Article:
Literary reviews by Tim Love.
Warning: Rather than reviews, these are often notes in preparation for reviews that were never finished, or pleas for help with understanding pieces. See Litref Reviews - a rationale for details.

Tuesday, 3 January 2012

"Taking Account" by Peter Gilmour (HappenStance, 2011)

At the launch on 10/12/2011 in Edinburgh the publisher praised the lovely syntax of these poems, some of which have appeared in PN Review, Smiths Knoll and The Rialto. The poet said that by writing poems about past events you remember in new ways, discover new things. He was careful about the I/persona overlap, but in these poems where the voice is the same throughout, the poet and persona can easily fuse. The subject matter's sorted into four broad sections: I) a wife's suicide; II) the husband's recovery; III) a father's death followed by the son's self-assessment; IV) More recovery, a mother's death, more self-assessment.

Section I begins with "Rupture", a somewhat deceptive piece in that it's unclear when or whether we leave Realism. I think it's best read as metaphor. A husband drives off the road, waking his wife. He keeps driving, "Skidded, round and round/ near a hundred times, dizzied out of our minds/ and when we stopped, facing back the way we'd come". Then we get "Overkill"

I thought of food parcels
to begin with, not any kind of poison.
All I can think of these days
is the degree of desperation:
six suicide packs. You only needed one.

"Solicitude" recounts events with equal directness

I married a woman who killed herself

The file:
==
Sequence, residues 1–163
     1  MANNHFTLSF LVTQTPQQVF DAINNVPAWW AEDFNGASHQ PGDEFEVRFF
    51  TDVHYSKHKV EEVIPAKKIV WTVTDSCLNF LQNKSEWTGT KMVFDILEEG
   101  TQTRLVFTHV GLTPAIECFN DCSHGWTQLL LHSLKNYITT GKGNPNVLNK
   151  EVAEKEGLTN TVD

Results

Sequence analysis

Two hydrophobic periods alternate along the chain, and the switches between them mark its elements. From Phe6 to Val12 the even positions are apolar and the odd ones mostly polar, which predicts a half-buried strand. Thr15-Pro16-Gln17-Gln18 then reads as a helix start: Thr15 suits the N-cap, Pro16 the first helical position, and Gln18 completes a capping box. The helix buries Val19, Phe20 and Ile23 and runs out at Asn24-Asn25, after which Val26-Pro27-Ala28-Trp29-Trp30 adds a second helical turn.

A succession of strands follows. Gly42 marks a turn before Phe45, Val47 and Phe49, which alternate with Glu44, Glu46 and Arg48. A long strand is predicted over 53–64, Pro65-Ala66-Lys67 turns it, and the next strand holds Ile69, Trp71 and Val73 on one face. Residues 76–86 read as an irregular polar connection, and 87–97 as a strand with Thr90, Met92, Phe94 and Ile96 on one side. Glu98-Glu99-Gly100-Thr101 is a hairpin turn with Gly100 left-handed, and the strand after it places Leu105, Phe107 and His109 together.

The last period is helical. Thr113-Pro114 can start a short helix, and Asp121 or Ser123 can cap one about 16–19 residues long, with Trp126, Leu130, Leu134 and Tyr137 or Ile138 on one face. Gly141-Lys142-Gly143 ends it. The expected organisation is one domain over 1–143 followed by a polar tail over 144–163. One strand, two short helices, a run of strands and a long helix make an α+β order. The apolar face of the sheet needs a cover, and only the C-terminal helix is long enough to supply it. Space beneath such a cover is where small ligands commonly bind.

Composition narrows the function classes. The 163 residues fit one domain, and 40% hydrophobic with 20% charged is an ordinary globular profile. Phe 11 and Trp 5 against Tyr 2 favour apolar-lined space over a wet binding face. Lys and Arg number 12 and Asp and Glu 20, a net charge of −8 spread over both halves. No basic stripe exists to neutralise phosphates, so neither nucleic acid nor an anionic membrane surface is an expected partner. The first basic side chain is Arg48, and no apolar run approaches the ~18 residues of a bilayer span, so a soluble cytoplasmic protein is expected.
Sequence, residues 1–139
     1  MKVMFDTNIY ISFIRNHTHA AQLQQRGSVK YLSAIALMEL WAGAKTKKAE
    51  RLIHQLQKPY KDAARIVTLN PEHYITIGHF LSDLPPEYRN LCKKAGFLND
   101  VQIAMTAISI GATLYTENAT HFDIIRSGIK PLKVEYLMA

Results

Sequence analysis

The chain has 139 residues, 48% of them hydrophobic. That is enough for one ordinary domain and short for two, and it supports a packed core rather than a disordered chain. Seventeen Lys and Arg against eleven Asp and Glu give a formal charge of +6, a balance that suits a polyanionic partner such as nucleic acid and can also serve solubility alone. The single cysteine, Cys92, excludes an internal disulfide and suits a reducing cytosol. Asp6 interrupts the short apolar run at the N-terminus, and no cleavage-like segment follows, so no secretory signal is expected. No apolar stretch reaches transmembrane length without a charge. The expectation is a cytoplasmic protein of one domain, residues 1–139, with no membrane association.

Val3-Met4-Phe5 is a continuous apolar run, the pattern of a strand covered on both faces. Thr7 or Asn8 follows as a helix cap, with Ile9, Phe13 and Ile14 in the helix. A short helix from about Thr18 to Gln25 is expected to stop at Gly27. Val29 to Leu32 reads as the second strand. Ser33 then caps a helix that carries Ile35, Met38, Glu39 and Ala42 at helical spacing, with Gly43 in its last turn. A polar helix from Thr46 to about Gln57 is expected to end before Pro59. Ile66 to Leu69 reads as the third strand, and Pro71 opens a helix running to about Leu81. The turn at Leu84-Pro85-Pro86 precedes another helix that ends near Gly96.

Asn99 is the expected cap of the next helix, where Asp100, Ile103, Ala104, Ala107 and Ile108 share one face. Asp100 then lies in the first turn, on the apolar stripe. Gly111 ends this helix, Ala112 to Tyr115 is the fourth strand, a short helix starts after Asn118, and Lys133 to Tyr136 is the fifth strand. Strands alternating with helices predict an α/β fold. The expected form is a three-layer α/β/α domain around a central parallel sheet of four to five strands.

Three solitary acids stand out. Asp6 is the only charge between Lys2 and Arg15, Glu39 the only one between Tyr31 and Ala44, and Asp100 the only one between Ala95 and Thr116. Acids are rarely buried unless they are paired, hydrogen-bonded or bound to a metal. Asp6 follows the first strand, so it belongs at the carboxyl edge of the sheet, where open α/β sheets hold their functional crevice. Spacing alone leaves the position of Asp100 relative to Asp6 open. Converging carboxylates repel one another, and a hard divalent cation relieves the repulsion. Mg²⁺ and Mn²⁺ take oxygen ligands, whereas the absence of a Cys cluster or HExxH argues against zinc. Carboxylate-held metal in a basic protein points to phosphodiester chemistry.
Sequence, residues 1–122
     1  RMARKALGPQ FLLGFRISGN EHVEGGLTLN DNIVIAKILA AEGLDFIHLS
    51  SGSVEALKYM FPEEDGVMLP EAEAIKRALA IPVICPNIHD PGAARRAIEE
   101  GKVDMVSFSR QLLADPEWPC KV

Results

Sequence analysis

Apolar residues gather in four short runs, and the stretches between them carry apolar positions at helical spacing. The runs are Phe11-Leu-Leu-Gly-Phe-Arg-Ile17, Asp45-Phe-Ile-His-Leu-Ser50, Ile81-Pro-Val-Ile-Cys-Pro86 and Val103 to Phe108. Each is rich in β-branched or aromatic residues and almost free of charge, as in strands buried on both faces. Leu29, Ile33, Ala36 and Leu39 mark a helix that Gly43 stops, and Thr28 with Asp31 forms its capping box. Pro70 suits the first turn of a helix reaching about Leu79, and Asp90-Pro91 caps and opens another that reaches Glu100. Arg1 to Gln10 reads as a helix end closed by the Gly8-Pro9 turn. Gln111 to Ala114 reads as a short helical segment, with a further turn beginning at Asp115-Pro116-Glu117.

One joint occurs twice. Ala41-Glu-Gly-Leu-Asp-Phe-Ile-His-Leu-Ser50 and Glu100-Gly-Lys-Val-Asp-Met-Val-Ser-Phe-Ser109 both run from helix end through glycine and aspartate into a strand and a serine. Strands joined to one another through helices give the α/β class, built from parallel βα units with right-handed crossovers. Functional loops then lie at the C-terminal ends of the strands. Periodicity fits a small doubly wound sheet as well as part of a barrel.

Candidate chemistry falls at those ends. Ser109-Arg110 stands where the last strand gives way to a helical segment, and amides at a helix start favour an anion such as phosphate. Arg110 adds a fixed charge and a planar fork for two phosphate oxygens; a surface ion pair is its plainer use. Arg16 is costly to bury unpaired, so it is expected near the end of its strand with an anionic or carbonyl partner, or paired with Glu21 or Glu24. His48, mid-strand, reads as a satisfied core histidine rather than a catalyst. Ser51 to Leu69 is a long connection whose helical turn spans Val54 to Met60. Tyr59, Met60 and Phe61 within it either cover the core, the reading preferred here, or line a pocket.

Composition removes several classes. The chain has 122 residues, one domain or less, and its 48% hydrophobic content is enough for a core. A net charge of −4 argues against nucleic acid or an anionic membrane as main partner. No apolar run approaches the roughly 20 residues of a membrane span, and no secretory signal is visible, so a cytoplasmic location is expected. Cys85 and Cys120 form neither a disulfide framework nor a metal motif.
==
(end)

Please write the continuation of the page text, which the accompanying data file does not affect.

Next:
My younger son looked for her in the stars
I wondered how on earth she would find us
if she ever came back. Leave message,
my sons said, in bottles and under stones
and in the earth where once she planted flowers.

And so they did. Message after message.

Like section I, section II starts obliquely. "Different kind of beast" is about a dog being found in clearing - the black dog "a stranger to me as I watched her". Depression is beginning to recede.

In "Stones and pebbles" he finds the stones that his wife had assembled in the hearth. In "Convalescence" he finds consolation in arranging stones. In "Husbandry", the raking of leaves is calming.

"Finally" ends section III. It is one of the poems about assessment

Those are the masts of ships moving above the corn.
I seem to have reached my destination, the end
of a pilgrimage whose beginnings are obscure

"Reckoning" in section IV is again about looking back, self-estimating a life - one of the few poems that consider choice. Should the persona stick or twist? And how long will this reckoning go on?

In earlier sections, poems like "Genealogies" and "Out of Step" parents don't come out of it well. Towards the end, parents make amends. The book ends with "Dying", about a mother's death, light becoming solid beyond the window.

We seemed to see these things together: she from her bed,
I standing by her, one hand with spread fingers on her back

(wasted now like the rest of her), the other pointing,
with amazement, I imagine, at these hints of glory.

The last line of the poem and book is

Will there be hints again when I go, or are these enough?

The previous poem, "Last Place", mentions that "a bright self would rise behind the dying one". The poem before that ,"Reckoning", wonders whether the poet's gone far enough, whether it's worth striving higher, further. Such pre-occupations are a timely end to a pamphlet that unsentimentally records the premonitions and aftermaths of life-changing events, youthful exuberance eclipsed by the responsibilities of parenthood and adult love.

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